Bowdoin College officials have condemned the homophobic and racist graffiti discovered on a white board inside a campus building, believed to have been left there between midnight and 2:30 a.m. Tuesday.

The vandals drew male genitalia, a swastika, and profanity that included the word “KKK,” then the names of two individuals and homophobic language, and knocked over several chairs, according to campus officials.

“Let me be clear: hate-based expression and infantile acts like this have no place at Bowdoin. Whether perpetrated with malice or out of stupidity, we will simply not tolerate or ignore symbols of hatred, racist and offensive drawings or language, or acts of violence,” Dean of Student Affairs Tim Foster wrote in an email to the campus community Thursday.

Foster said campus security interviewed people in the building, pinning down the likely time when the vandalism occurred. Campus security was reviewing card swipe information and videotape footage and working with local police.

The Visual Arts Center is an academic building with offices and the Kresge auditorium, but no overnight residents. It is located on the main quad area near Maine Street.

Anyone with information is asked to notify officials, Foster said.

“We may not be able to prevent all acts of bigotry and belligerence, but we can and must report incidents like this when they happen,” Foster wrote. “In doing so, we denounce intolerance and violence, and we challenge everyone in our community to reflect on what each of us can do to prevent them from happening in the future.”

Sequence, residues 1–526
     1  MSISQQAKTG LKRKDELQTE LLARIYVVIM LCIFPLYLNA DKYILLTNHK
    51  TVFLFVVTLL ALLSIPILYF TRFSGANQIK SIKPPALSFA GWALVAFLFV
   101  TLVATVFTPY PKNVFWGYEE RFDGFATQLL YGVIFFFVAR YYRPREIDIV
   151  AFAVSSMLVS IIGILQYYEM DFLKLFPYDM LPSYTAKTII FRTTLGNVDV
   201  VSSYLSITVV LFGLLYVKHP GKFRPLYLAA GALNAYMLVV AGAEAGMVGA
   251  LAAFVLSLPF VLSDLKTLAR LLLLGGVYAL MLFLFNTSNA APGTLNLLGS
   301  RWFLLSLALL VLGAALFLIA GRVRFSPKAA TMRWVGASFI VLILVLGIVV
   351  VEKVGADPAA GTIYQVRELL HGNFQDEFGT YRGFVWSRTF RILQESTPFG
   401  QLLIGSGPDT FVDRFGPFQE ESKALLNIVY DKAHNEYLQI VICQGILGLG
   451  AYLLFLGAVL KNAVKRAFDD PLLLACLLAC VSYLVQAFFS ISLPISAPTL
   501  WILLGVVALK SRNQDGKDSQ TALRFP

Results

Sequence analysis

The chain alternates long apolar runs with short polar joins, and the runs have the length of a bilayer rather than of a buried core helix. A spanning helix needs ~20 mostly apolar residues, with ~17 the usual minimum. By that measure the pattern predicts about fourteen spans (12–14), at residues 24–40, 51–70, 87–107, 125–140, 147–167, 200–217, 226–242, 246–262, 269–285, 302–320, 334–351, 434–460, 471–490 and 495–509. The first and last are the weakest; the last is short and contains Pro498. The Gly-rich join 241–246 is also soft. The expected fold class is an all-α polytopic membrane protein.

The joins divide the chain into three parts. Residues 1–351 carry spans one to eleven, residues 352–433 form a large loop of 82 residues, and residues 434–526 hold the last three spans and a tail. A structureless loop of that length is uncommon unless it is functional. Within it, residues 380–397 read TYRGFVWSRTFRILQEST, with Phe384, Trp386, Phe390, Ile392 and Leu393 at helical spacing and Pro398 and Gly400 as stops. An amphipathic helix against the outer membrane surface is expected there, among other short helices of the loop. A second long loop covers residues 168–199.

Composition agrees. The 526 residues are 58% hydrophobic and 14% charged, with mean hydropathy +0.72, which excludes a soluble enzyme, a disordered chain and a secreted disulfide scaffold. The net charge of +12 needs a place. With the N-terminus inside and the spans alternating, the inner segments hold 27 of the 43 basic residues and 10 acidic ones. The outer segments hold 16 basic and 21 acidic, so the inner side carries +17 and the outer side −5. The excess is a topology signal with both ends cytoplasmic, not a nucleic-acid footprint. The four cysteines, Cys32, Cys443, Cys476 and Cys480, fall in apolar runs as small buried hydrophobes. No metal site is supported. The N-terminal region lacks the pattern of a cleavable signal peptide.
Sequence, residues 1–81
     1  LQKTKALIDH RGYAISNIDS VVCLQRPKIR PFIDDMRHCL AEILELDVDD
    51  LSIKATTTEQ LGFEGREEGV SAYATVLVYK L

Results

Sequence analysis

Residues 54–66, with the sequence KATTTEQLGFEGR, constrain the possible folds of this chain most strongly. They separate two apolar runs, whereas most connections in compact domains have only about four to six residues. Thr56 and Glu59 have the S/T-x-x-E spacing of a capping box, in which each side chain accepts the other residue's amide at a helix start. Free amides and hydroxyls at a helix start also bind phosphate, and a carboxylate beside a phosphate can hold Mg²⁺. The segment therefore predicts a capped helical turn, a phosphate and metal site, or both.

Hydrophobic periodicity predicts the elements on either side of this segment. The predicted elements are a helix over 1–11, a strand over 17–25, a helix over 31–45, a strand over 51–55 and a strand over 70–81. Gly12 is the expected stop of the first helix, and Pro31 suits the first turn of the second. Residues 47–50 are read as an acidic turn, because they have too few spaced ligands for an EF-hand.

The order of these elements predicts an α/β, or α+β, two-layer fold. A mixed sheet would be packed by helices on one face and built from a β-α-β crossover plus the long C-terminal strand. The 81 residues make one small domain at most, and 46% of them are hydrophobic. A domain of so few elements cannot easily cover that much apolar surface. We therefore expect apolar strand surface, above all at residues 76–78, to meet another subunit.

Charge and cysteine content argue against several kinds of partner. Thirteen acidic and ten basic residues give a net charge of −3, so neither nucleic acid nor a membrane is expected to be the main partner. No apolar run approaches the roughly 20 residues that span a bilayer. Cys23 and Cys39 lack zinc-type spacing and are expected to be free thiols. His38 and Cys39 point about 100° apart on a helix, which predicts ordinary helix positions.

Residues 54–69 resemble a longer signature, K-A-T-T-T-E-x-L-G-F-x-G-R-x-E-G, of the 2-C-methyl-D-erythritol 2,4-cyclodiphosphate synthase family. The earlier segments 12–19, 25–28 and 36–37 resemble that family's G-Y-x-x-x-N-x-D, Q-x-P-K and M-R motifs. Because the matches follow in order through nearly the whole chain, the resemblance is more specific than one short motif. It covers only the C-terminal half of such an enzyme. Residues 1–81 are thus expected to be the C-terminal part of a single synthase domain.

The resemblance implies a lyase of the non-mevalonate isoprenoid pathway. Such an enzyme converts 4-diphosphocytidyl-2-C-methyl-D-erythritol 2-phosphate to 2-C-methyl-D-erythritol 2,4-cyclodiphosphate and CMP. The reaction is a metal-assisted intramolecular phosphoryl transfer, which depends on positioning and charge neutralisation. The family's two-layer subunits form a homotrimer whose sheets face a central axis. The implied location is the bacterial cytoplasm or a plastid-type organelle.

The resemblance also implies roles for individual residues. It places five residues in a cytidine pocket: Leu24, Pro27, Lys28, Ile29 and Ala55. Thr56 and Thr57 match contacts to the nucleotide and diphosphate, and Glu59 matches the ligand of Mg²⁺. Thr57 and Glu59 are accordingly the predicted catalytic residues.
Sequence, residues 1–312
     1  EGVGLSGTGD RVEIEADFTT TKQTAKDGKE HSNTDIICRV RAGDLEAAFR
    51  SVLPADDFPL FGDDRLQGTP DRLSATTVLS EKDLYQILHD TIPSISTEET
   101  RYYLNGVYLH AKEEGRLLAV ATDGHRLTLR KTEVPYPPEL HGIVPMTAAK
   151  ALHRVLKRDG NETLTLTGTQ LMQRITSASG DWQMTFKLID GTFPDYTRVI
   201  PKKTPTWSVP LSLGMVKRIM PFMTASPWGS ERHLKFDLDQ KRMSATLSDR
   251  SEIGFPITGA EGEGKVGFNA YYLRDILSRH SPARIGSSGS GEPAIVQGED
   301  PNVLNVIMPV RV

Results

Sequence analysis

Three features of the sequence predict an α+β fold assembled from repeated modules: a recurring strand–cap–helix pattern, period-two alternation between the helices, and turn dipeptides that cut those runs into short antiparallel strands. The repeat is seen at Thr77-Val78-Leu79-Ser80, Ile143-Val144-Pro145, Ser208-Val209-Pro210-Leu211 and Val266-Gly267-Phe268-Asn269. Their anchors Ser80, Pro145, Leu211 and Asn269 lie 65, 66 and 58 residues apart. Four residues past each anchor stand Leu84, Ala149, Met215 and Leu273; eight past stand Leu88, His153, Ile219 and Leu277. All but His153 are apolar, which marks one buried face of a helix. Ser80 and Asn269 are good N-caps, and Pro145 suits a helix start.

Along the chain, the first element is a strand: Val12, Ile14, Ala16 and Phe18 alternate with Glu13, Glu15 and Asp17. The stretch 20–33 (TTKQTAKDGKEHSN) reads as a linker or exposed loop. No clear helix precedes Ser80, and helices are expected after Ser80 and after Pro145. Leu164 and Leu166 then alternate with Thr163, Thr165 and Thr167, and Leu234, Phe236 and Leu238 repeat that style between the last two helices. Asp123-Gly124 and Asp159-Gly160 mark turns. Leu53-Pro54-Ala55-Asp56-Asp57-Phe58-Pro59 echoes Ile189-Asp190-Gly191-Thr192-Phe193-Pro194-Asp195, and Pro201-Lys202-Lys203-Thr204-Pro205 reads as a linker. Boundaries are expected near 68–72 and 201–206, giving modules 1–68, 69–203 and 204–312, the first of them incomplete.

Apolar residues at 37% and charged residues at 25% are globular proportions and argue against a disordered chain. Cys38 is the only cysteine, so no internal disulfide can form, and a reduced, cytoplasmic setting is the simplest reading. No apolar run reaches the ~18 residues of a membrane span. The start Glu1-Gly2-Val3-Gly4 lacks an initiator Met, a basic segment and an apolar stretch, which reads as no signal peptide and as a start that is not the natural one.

Campus spokesman Doug Cook said Friday that Bowdoin takes such incidents seriously and tracks them, but would not release any details of the investigation.

Nationwide, incidences of hate speech on college campuses are up, according to Jonathan Greenblatt, chief executive of the Anti-Defamation League.

Greenblatt told the New York Times that his organization catalogued 115 incidents of white supremacist propaganda on American campuses between January and April, up from nine during the same four months in 2016.

Bowdoin reported no hate crime or bias-related graffiti last year, according to an annual crime on campus report required by the federal government, known as the Clery Report.

Last year, two incidents of anti-Muslim graffiti at the University of Southern Maine sparked protests by students and were condemned by officials. One incident was resolved through the university code of conduct process but the outcome was not revealed because of student privacy laws.

Noel K. Gallagher can be reached at 791-6387 or at:

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